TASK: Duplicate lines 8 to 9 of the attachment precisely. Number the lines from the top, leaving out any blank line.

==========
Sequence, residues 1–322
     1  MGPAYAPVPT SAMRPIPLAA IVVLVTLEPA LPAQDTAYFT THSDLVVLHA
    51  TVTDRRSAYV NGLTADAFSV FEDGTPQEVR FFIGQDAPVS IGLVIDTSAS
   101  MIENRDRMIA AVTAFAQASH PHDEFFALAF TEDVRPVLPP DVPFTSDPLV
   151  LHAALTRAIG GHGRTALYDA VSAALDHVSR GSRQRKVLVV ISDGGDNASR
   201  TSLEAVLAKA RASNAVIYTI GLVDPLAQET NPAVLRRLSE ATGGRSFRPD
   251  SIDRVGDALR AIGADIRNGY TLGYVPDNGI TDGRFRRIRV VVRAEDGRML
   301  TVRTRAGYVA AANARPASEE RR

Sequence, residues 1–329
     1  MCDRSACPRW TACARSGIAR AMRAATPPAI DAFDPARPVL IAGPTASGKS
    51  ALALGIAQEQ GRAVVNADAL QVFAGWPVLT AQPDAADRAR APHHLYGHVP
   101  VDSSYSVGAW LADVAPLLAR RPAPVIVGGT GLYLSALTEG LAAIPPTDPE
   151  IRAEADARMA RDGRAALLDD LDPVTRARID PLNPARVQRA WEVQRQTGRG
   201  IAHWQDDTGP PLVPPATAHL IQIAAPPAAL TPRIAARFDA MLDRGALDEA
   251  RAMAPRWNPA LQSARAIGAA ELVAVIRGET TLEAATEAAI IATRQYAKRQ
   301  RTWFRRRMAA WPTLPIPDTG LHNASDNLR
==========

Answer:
   301  TVRTRAGYVA AANARPASEE RR

Sequence, residues 1–329